Researchers working to develop a West Coast computer model that predicts how land-based nutrient sources influence coastal ocean acidification and hypoxia are expanding the effort to examine the potential role of these nutrients in exacerbating toxic marine algal blooms.
The three-year study, launched in October, will focus on a type of harmful algal bloom known as Pseudo-nitzschia, which produces a potent neurotoxin that has sickened marine mammals and led to months-long shellfishery closures.
Water-quality managers want to know if the nutrients in wastewater effluent, stormwater runoff and atmospheric deposition are contributing to an increase in the frequency and intensity of Pseudo-nitzschia blooms.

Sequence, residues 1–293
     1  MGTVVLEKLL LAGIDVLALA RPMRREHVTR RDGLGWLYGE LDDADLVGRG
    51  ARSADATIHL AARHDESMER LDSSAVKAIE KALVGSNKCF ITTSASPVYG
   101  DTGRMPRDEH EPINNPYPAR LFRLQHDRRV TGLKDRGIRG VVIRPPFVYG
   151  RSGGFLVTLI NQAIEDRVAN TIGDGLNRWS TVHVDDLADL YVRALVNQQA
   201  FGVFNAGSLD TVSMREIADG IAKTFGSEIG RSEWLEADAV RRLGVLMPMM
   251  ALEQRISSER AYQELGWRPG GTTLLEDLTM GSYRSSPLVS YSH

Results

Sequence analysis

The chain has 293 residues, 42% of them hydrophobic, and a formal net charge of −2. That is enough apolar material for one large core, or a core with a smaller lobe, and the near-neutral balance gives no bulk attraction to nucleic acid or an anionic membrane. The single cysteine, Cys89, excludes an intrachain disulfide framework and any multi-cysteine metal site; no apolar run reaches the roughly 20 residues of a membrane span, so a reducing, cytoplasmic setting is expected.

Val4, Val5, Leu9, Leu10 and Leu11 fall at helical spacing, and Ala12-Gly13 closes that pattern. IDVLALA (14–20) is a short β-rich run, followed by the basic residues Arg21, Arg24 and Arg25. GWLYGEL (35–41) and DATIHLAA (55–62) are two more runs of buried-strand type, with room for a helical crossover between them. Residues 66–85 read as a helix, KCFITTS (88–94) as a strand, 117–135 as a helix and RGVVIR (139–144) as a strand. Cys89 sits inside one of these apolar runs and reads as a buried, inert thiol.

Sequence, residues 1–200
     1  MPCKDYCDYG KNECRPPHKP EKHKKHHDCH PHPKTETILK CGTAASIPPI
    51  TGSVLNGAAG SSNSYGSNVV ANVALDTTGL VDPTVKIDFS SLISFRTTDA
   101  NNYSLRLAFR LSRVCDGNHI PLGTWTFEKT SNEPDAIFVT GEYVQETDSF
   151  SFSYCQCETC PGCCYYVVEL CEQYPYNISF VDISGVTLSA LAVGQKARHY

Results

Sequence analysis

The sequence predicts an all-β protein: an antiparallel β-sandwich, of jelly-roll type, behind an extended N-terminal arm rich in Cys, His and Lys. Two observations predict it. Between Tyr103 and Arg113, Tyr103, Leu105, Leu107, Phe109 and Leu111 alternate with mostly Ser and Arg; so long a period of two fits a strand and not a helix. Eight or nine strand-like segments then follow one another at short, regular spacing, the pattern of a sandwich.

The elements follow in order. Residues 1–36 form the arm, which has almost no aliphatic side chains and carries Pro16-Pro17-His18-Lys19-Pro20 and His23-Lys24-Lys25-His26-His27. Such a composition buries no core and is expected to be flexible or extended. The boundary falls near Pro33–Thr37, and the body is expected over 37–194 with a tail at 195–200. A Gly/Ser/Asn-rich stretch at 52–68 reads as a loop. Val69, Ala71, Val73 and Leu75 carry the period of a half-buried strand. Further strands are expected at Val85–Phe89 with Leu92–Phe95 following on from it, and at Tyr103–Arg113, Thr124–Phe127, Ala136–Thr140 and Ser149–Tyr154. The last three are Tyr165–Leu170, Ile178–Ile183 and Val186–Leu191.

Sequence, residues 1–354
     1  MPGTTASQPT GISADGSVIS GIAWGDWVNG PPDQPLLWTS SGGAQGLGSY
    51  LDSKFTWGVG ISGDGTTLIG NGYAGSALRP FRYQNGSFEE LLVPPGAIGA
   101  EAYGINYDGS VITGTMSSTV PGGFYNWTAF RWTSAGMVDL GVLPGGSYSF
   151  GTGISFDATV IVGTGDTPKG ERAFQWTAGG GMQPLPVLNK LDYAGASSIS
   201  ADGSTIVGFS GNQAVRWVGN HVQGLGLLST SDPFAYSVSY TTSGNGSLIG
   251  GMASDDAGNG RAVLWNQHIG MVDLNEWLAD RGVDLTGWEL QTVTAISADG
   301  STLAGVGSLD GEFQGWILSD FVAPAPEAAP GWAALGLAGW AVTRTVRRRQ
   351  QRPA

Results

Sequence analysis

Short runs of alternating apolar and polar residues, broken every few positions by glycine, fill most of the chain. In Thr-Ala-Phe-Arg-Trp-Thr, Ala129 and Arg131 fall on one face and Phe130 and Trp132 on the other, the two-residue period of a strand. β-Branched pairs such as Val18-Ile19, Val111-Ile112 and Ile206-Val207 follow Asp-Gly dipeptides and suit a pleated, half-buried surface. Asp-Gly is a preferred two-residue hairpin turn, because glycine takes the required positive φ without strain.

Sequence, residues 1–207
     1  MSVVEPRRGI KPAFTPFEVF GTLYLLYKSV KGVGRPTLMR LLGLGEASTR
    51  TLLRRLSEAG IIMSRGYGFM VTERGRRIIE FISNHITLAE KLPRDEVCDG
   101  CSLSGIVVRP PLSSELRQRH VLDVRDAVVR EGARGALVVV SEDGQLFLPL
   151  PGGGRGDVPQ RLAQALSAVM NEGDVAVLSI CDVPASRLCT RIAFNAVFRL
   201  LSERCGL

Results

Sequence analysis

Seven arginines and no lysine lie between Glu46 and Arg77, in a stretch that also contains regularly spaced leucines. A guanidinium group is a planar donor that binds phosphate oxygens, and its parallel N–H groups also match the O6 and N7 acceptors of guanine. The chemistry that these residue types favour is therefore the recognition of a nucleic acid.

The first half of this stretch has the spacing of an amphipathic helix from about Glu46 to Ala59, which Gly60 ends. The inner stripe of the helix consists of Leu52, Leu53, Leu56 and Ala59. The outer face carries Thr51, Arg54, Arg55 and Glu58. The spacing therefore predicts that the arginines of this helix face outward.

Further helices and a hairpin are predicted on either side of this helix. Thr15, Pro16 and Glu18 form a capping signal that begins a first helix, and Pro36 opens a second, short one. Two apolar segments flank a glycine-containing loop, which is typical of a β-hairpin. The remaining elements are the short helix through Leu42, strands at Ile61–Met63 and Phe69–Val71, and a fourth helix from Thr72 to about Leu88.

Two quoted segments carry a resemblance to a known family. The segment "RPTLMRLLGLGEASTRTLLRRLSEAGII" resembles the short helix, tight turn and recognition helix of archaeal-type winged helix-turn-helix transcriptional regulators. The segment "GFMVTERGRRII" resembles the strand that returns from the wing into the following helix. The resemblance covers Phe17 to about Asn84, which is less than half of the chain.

The study builds off ongoing work by SCCWRP and its partners to develop a coupled physical-biogeochemical model for the West Coast that predicts if and how human activities on land are driving coastal acidification and hypoxia.
During the study, researchers will expand the model’s phytoplankton component to more comprehensively capture potential drivers of Pseudo-nitzschia blooms in the marine environment.
More news related to: Climate Change, Eutrophication, Harmful Algal Blooms, Ocean Acidification and Hypoxia